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Home :: Archive :: 2000 :: February ::
Re: A Hypertext Model
The Shakespeare Conference: SHK 11.0386  Wednesday, 23 February 2000.

[1]     From:   Daniel L. Colvin <
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        Date:   Tuesday, 22 Feb 2000 09:49:39 -0600
        Subj:   A hypertext model

[2]     From:   Brother Anthony <
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        Date:   Wednesday, 23 Feb 2000 10:47:32 +0900
        Subj:   Re: SHK 11.0376 Re: A Hypertext Model


[1]-----------------------------------------------------------------
From:           Daniel L. Colvin <
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Date:           Tuesday, 22 Feb 2000 09:49:39 -0600
Subject:        A hypertext model

Ed Isser and I have constructed a hypertext version of "Measure for
Measure" as part of the Interactive Shakespeare Project at Holy Cross.
We would love to hear offline or on what your impressions are.

http://sterling.holycross.edu/departments/theatre/projects/isp/

Daniel Colvin
Western Illinois University

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[2]-------------------------------------------------------------
From:           Brother Anthony <
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Date:           Wednesday, 23 Feb 2000 10:47:32 +0900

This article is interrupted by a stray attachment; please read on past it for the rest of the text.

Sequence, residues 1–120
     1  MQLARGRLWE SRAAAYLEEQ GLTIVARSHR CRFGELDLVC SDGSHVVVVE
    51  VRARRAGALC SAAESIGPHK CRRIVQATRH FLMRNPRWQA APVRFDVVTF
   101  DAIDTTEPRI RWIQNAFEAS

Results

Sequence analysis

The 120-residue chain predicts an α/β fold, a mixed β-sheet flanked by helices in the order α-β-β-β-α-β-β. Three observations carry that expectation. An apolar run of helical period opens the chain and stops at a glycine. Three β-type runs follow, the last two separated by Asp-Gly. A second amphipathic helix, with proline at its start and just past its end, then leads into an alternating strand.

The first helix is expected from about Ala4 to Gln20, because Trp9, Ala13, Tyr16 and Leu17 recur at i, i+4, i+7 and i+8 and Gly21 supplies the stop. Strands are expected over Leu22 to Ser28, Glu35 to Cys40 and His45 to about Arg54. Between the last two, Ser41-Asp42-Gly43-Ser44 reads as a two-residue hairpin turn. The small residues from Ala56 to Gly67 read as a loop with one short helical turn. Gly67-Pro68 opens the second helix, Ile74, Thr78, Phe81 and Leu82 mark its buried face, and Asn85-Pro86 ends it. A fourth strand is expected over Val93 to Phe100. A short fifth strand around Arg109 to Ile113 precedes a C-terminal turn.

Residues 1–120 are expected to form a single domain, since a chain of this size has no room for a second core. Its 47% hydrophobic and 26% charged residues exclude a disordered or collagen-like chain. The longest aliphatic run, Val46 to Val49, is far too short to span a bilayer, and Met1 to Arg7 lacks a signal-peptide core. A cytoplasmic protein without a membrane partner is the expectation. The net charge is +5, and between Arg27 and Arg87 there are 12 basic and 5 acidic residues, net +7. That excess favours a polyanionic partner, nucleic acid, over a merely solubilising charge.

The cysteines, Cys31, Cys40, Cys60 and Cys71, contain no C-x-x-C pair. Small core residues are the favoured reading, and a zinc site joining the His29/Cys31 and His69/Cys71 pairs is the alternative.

Subject: 11.0376 Re: A Hypertext Model
Comment:        Re: SHK 11.0376 Re: A Hypertext Model

It's not quite hypertext, but for a model of the kind of site I would
expect Shakespeare to deserve I would suggest the Blake Archive at
http://www.iath.virginia.edu/blake/  where you will find, in addition to
a large proportion of 'the approximately 3000 digital images that will
eventually form the structured core of the Archive proper,' from this
week on, 'a searchable SGML-encoded electronic edition of David V.
Erdman's Complete Poetry and Prose of William Blake. Based upon the text
of the 1988 Newly Revised Doubleday Edition, the electronic Erdman
represents almost 900 pages of printed material, comprising the complete
writings of William Blake together with David V. Erdman's original
textual notes. The Blake Archive's electronic Erdman is tagged in SGML
using the Text Encoding Initiative DTD and is presented online using
Inso's DynaWeb software' (quoted from the announcement on Humanist
Humanist Discussion Group, Vol. 13, No. 428. (see
http://www.kcl.ac.uk/humanities/cch/humanist/ )

Which prompts a number of questions along the lines of 'Why is all this
possible with Blake and not Shakespeare?' Because the Blake Archive is
FREE, available to everyone. How come Shakespeare belongs to the
capitalists? The few images of Shakespearean quartos and folios we have
access to at the excellent Furness Shakespeare Library site
http://www.library.upenn.edu/etext/collections/furness/index.html  could
form the nucleus of such a project, but will they in fact? Is this an
ongoing project destined to cover all the plays? When will we have a
site where digital images of multiple (identified) copies of Quartos and
Folios are linked to the kind of searchable e-texts now available on the
University of Victoria's Internet Shakespeare
http://web.uvic.ca/shakespeare/index.html  ? And so on.

Frustratedly,
Brother Anthony (An Sonjae)
Sogang University, Seoul, Korea
 

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